Posted on | October 1, 2011 | 8 Comments
Despite being the first novel that Austen started writing, Northanger Abbey was only published posthumously. It’s the second book by the much-acclaimed author that I have finished, and while I thought Pride & Prejudice was significantly more enjoyable, this book was quite readable as well.
I concede that readable isn’t a very encouraging adjective for a book, and despite the fact that I’ve only read glowing reviews of this online, I’ve unfortunately not been swept away.
This book is meant to be a social satire on life in the nineteenth century, where money, marriage and dance partners were all people thought about. In that world, we meet Catherine Morland, a seventeen year old, naive and romantic and more than a little innocent; a most unsuspecting heroine, really, as Austen declares at the very outset:
No one who had ever seen Catherine Morland in her infancy, would have supposed her born to be a heroine.
She loves her gothic literature (who doesn’t?) and is bestowed with the questionable gift of an overactive imagination. So, when her family friends take her with them to Bath for six weeks or so, to enjoy a holiday, go to some balls, and potentially, meet a dashing young man, she immediately befriends Isabella Thorpe, a fellow book lover.
[I]f a rainy morning deprived them of other enjoyments, they were still resolute in meeting in defiance of wet and dirt, and shut themselves up, to read novels together. Yes, novels; — for I will not adopt that ungenerous and impolitic custom so common with novel-writers, of degrading by their contemptuous censure the very performances, to the number of which they are themselves adding — joining with their greatest enemies in bestowing the harshest epithets on such works, and scarcely ever permitting them to be read by their own heroine, who, if she accidentally take up a novel, is sure to turn over its insipid pages with disgust. Alas! if the heroine of one novel be not patronized by the heroine of another, from whom can she expect protection and regard? I cannot approve of it. Let us leave it to the Reviewers to abuse such effusions of fancy at their leisure, and over every new novel to talk in threadbare strains of the trash with which the press now groans. […]
So imagine her happiness when she realises that her own brother is quite fond of Ms. Thorpe, that he comes down to Bath to visit her. Their friendship grows thus, as does the romance between her brother and Isabella. But when she’s introduced to Isabella’s brother, who she finds quite boring compared to the indelible Mr. Henry Tilney, she finds herself in a bit of an awkward position. The brother and sister duo keep trying to manipulate her and her position with the Tilneys (i.e. Mr. Tilney and his sister), but at that point, we see Catherine standing up for what she believes in, and not giving in to peer pressure – the first time her character actually shines through.
There is banter between Mr. Tilney and our young innocent heroine, which is amusing, entertaining, and completely valid. For instance, I did actually chuckle while reading the below.
“Very true,” said Henry, “and this is a very nice day, and we are taking a very nice walk, and you are two very nice young ladies. Oh! It is a very nice word indeed! It does for everything. Originally perhaps it was applied only to express neatness, propriety, delicacy, or refinement – people were nice in their dress, in their sentiments, or their choice. But now every commendation on every subject is comprised in that one word.”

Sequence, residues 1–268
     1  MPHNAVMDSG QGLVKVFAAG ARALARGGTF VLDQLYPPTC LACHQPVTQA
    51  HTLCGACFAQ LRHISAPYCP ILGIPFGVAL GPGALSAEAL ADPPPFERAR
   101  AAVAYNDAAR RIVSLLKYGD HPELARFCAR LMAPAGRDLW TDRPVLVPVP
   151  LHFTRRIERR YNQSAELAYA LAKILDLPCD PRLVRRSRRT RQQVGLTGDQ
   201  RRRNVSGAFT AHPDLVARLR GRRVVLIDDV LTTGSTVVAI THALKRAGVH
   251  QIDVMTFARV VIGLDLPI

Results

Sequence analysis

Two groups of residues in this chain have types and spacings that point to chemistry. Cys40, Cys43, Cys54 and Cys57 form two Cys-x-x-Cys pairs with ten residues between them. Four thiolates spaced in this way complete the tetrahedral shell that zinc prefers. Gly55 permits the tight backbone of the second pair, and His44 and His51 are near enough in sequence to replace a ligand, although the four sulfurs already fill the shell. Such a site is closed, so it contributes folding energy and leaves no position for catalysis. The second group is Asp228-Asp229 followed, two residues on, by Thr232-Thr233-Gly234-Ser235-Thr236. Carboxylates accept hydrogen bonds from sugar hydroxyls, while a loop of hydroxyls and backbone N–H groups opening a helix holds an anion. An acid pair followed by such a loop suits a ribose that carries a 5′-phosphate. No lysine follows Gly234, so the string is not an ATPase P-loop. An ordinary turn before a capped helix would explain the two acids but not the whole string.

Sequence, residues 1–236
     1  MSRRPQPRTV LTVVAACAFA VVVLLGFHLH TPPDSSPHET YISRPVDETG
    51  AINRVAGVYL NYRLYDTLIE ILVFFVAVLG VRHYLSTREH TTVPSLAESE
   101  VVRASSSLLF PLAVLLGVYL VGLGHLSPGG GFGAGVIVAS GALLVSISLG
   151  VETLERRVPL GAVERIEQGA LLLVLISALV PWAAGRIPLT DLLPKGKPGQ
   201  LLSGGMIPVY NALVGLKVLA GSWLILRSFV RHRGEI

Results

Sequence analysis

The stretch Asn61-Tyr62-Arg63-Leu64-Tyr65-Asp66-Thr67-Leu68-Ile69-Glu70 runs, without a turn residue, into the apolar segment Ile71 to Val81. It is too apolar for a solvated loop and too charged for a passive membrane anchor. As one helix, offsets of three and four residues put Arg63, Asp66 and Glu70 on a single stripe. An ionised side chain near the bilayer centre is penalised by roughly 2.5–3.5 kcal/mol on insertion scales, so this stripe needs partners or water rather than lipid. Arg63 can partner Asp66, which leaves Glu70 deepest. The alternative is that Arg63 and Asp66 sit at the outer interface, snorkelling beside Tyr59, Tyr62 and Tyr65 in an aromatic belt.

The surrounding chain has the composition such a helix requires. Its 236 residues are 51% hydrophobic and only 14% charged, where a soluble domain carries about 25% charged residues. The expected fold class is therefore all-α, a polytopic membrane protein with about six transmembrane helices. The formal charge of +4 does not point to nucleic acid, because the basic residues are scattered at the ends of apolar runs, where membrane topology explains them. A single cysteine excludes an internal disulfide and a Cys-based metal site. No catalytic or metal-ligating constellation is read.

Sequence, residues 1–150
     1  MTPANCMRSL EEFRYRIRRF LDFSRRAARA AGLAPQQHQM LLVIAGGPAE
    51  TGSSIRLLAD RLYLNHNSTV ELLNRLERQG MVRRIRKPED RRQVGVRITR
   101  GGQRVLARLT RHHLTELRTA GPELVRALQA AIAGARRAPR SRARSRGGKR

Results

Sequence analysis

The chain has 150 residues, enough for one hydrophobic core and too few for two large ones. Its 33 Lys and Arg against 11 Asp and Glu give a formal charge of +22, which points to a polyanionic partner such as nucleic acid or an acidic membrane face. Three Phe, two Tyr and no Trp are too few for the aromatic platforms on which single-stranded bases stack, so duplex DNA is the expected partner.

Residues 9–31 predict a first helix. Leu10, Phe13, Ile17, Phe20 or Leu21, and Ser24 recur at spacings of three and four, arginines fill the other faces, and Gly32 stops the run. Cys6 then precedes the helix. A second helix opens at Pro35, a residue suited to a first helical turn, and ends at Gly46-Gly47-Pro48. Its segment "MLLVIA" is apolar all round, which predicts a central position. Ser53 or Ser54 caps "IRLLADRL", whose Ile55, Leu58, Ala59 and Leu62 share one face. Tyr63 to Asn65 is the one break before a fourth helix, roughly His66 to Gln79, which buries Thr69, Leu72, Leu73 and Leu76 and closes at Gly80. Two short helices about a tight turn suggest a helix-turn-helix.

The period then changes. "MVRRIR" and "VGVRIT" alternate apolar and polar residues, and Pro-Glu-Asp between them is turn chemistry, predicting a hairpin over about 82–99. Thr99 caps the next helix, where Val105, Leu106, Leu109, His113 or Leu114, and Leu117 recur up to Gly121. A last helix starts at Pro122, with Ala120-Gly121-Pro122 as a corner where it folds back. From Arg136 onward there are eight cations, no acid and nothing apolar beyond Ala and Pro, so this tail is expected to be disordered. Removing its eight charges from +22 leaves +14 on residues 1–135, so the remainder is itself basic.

The Tilneys take to Catherine as well (after all, she is our heroine), and invite her to visit them at Northanger Abbey which is where the last third or so of the book takes place. Northanger Abbey is the kind of place “you read about“, rich in Gothic ornaments. Getting carried away in the breathtaking Abbey, and blurring the lines between fact and fiction, Catherine jumps to a conclusion about events that have taken place in the days gone by at the Abbey, and when she’s made aware of her naivety and stupidity, it’s Henry’s character’s turn to shine through.
It’s really bizarre how quickly people are jumping to conclusions in the book, and the number of judgment calls that go wrong. It’s the shallowness and superficiality of the characters that are quite disturbing, and in a world where everyone has an end-game, Catherine’s innocence and Henry’s class (for lack of better words) stand out. The pompousness of some people, and the selfishness of others just leaves me feeling quite uncomfortable – it’s like… seriously, life’s too short! The sad thing is, even today, people are that shallow and selfish, and you just have to weed them out in order to find the people who are actually good.
The writing style, itself, is not a patch on Pride and Prejudice, but that’s quite understandable, considering that this was the first book that Austen started. The dialog isn’t as fluent or as romantic, and it didn’t leave me all wistful – mostly a result of Catherine not being that strong a character, compared to Elizabeth Bennett. There’s also large chunks where Austen seems to be addressing the reader, directly – possibly in a slight tongue-in-cheek voice. While a clever device, specially in a satire (which this was), it just didn’t work for me, which was unfortunate. I guess once I read her other works, I should come back to this, and then evaluate it against those.
The next Austen on my list is Persuasion. A lot of Austen fans suggest that it’s their favourite book by her, but considering how widely different I found this to Pride and Prejudice, I’m not quite sure as to what to expect with Persuasion. I guess that’s part of the Austen charm. Which is your favourite Austen?